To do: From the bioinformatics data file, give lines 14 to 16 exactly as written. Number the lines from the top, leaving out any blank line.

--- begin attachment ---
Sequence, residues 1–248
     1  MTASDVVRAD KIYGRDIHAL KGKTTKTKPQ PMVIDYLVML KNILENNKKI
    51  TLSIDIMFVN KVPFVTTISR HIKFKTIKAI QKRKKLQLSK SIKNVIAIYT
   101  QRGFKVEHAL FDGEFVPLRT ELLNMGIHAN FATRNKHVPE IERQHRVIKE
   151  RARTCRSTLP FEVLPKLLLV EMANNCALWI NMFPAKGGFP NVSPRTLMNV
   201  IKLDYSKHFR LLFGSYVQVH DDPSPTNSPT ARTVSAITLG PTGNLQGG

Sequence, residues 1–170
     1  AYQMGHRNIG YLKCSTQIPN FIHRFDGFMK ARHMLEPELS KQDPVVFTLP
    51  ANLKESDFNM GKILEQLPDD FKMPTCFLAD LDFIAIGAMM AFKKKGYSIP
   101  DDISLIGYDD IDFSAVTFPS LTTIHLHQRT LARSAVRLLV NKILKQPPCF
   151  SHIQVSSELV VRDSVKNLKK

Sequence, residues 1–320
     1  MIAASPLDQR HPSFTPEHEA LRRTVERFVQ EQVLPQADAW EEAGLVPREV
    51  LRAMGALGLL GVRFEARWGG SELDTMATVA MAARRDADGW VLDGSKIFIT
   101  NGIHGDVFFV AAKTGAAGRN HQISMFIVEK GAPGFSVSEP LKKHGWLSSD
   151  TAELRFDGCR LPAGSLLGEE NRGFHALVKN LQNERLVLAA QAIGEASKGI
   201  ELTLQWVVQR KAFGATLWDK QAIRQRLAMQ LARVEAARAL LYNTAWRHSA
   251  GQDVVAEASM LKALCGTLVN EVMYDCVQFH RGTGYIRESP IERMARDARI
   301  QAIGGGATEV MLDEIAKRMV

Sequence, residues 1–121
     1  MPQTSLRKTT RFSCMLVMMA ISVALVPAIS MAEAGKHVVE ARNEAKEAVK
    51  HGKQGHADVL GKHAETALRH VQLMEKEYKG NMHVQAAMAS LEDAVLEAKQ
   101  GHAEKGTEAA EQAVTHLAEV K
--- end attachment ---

    51  LRAMGALGLL GVRFEARWGG SELDTMATVA MAARRDADGW VLDGSKIFIT
   101  NGIHGDVFFV AAKTGAAGRN HQISMFIVEK GAPGFSVSEP LKKHGWLSSD
   151  TAELRFDGCR LPAGSLLGEE NRGFHALVKN LQNERLVLAA QAIGEASKGI